If you or your crew are on jobsites outdoors this summer, especially during these recent days of record heat waves, remember to always follow best practices for hot weather work.
OSHA reminds employers that they must protect their workers from excessive heat, and suggests that workers:
- Drink water every 15 minutes, even if you are not thirsty.
- Rest in the shade to cool down.
- Wear a hat and light-colored clothing.
- Learn the signs of heat illness and what to do in an emergency.
- Keep an eye on fellow workers.
- "Easy does it" on your first days of work in the heat. You need to get used to it.
What to do in a heat-related emergency
Heat-related problems occur when the body’s normal temperature-reducing mechanisms get overwhelmed, especially during vigorous physical activity, and become inefficient or stop working.
An active body creates heat. When it is exposed to hot, humid temperatures, sweating occurs to evaporate and cool the body.
Heat exhaustion can develop from the combination of an increased internal temperature and the excessive loss of fluids to the environment, typically from sweating.
Signs include heavy sweating and pale, cool skin. The person may become nauseated and vomit. She may complain of a headache or dizziness, and feel weak.
Although it may not appear serious, treat suspected heat exhaustion without delay.
Without immediate treatment it could progress to heat stroke, a life-threatening condition.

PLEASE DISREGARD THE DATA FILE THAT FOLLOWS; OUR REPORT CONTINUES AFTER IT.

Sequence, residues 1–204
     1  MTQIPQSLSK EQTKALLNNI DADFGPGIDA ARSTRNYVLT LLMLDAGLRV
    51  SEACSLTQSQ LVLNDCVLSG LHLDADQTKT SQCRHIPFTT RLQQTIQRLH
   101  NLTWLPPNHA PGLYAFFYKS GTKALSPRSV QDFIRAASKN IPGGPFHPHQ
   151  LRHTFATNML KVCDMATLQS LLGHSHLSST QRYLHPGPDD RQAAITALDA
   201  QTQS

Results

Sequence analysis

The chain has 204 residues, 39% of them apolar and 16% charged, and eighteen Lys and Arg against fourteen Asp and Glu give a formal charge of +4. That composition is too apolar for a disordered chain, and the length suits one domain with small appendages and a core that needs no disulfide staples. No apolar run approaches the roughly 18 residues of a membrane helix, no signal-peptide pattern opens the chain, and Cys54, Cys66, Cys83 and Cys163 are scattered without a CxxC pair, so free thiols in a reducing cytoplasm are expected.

Stop the person from activity and move her to a cooler place. Loosen or remove excess clothing. Have the person lie down and raise the legs 6–12 inches. Spray water or apply cool, wet cloths to head and torso. Use a fan to speed evaporation.
Encourage the person to drink cool fluids, preferably a sports drink with carbohydrates and electrolytes. If the person does not improve or seems to get worse, activate EMS.
Heat cramps are uncontrollable muscle spasms that can affect the calves, arms, abdominal muscles, and back. They can occur suddenly and be very painful.
Manage cramps by stopping activity, moving the person to a cooler location, and having them drink water or a sports drink. Stretching and direct pressure to the cramping muscle may help. Delay further activity until the cramping has been resolved.
Need to get your team ready for hot weather work? Summit offers training to help you safely plan and conduct work during the dog days of summer. Click the button below for our Heat Stress courses.